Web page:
Archbishop Oscar Romero of El Salvador was assassinated because of his defense of the oppressed. He said, “Let those who have a voice, speak out for the voiceless.”

Our loving God has given us a voice. Let us speak clearly and boldly and walk in solidarity as Jesus would, with the women in our Church who are being called by God to the priesthood.

In Peace and Justice,
Rev. Roy Bourgeois, M.M.
PO Box 3330, Columbus, GA 31903


George Farris said...

Father Bourgeois seems to be a buffet Catholic, taking whatever portion of outrage which seems to satisfy him. However, in haze of self-congratulatory moral indignation he seems to ignore his own vows and responsibilities. He conveniently forgets his vow of obedience.

Father Bourgeois' smear campaign against the Escuela de las Américas is indicative of the "Post hoc, ergo prompter hoc" fallacy (If this, then that), which being demonstrably flawed in its logic or form, renders his whole argument invalid.

Escuela de las Américas (and its successor organization WHINSEC) has trained more than 61,000 military, paramilitary, law enforcement, and civil servants. Certainly some amongst their number will be guilty of egregious behavior. However, Father Bourgeois conveniently ignores the mission of the WHINSEC, as stated by U.S. federal law, is supportive of the principles of the Charter of the OAS by fostering mutual knowledge, transparency, confidence, and cooperation; by promoting democratic values and respect for human rights; and by instilling knowledge and understanding of US customs and traditions. The congressionally mandated curriculum includes instruction in leadership development, counterdrug and peace support operations, and disaster preparedness and relief planning.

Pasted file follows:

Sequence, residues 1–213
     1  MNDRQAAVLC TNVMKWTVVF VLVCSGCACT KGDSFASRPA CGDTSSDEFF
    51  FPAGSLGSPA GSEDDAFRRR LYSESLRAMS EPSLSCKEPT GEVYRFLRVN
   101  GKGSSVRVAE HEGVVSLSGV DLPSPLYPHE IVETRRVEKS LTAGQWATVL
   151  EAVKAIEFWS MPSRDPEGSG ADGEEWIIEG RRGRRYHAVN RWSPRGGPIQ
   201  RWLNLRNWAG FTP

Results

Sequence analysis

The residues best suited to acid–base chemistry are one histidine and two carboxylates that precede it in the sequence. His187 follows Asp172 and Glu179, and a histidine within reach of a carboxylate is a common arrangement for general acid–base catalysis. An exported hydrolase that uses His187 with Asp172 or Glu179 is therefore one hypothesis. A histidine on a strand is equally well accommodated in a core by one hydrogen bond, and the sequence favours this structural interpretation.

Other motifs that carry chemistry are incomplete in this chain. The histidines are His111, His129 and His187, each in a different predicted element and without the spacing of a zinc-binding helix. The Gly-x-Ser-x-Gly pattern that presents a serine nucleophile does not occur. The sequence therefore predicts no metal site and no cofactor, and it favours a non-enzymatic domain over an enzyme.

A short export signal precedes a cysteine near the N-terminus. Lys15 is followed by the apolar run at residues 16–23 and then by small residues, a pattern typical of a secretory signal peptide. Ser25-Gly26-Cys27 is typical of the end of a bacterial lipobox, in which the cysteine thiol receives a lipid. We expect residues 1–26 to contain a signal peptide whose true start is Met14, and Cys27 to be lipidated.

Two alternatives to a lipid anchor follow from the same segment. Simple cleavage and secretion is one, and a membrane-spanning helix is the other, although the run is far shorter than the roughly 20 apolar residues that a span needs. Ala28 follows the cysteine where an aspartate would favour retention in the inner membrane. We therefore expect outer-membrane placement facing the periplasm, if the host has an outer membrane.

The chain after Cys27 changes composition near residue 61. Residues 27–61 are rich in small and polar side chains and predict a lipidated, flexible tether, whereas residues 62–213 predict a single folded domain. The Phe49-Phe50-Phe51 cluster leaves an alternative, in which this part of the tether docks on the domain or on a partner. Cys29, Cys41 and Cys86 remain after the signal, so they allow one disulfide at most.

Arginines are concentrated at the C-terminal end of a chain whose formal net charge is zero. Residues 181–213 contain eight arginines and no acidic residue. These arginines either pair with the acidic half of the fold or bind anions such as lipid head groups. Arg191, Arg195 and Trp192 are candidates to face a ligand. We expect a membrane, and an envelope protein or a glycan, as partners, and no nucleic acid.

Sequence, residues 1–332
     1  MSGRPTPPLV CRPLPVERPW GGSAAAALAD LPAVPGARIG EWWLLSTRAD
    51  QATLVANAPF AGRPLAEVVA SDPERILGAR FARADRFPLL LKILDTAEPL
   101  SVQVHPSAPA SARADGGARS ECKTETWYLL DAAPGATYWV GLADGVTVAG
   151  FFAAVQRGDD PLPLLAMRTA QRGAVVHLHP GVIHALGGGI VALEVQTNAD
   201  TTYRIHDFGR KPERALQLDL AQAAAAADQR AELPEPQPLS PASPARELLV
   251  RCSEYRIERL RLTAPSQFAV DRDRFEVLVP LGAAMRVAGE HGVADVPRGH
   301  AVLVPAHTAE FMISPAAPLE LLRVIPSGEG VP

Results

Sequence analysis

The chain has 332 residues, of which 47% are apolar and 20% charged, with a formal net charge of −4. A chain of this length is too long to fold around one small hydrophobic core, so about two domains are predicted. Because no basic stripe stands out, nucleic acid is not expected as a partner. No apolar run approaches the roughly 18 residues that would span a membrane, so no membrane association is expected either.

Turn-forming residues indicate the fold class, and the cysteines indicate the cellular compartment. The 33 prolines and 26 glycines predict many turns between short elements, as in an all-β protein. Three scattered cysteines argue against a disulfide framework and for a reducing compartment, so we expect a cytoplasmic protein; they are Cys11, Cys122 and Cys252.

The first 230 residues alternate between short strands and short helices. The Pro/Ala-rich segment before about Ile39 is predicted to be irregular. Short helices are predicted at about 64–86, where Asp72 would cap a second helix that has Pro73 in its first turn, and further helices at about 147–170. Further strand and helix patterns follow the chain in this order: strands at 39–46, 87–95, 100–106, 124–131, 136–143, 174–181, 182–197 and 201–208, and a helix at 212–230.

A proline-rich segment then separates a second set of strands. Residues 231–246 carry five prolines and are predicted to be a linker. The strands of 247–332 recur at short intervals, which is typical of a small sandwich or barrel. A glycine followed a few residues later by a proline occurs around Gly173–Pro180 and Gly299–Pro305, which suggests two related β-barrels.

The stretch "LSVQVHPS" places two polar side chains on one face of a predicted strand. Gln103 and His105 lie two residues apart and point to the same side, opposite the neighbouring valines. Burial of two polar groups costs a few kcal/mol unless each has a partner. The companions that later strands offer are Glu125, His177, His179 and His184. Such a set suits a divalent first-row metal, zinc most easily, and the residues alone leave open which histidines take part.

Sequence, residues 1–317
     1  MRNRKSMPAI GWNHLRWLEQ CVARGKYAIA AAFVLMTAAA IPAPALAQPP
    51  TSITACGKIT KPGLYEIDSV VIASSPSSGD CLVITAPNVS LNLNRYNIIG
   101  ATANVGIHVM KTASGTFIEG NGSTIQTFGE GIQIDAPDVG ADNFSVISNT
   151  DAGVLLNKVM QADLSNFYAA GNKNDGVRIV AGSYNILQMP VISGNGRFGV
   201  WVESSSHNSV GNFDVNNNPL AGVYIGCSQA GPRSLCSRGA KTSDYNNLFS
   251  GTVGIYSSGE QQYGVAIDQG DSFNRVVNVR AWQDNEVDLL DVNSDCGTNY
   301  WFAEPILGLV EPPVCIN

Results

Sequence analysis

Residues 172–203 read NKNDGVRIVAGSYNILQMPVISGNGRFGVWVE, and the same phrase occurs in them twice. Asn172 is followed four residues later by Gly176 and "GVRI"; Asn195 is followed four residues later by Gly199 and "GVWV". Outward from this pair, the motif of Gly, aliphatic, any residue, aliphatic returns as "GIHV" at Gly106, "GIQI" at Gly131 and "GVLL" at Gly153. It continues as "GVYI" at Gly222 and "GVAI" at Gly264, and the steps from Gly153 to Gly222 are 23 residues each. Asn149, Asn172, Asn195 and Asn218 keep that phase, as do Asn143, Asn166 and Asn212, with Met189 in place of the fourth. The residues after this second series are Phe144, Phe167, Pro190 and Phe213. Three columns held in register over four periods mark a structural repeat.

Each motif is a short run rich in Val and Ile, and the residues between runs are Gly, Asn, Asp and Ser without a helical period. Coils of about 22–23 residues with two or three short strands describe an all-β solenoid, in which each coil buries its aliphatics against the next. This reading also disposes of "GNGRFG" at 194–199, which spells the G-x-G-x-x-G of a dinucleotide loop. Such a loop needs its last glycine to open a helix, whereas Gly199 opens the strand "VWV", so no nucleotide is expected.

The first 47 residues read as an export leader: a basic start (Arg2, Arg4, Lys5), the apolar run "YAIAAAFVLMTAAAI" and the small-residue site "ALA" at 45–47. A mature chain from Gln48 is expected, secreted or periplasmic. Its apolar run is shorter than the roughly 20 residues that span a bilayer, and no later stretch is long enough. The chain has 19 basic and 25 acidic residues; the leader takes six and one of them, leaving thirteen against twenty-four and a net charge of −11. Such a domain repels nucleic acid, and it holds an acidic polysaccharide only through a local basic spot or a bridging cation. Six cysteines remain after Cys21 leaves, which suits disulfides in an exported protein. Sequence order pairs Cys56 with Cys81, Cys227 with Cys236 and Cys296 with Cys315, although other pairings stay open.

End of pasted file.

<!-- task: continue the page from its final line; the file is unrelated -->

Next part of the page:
Father Bourgeois should more appropriately look at the tens of thousands of graduates who have improved the professionalism of their respective organization which in turn led to better governance, development of democratic institutions, and protection of indigenous populations, NGOs, and missionaries.

After 40 years combined active and reserve service with the United Army including assignments in Vietnam, Thailand, South Africa, and SAFLA (Special Action Force For Latin America). My observations of the Escuela de las América led me to respect the graduates' commitment under great adversity, and admire the professionalism and concern of the faculty and staff of the Escuela de las Américas.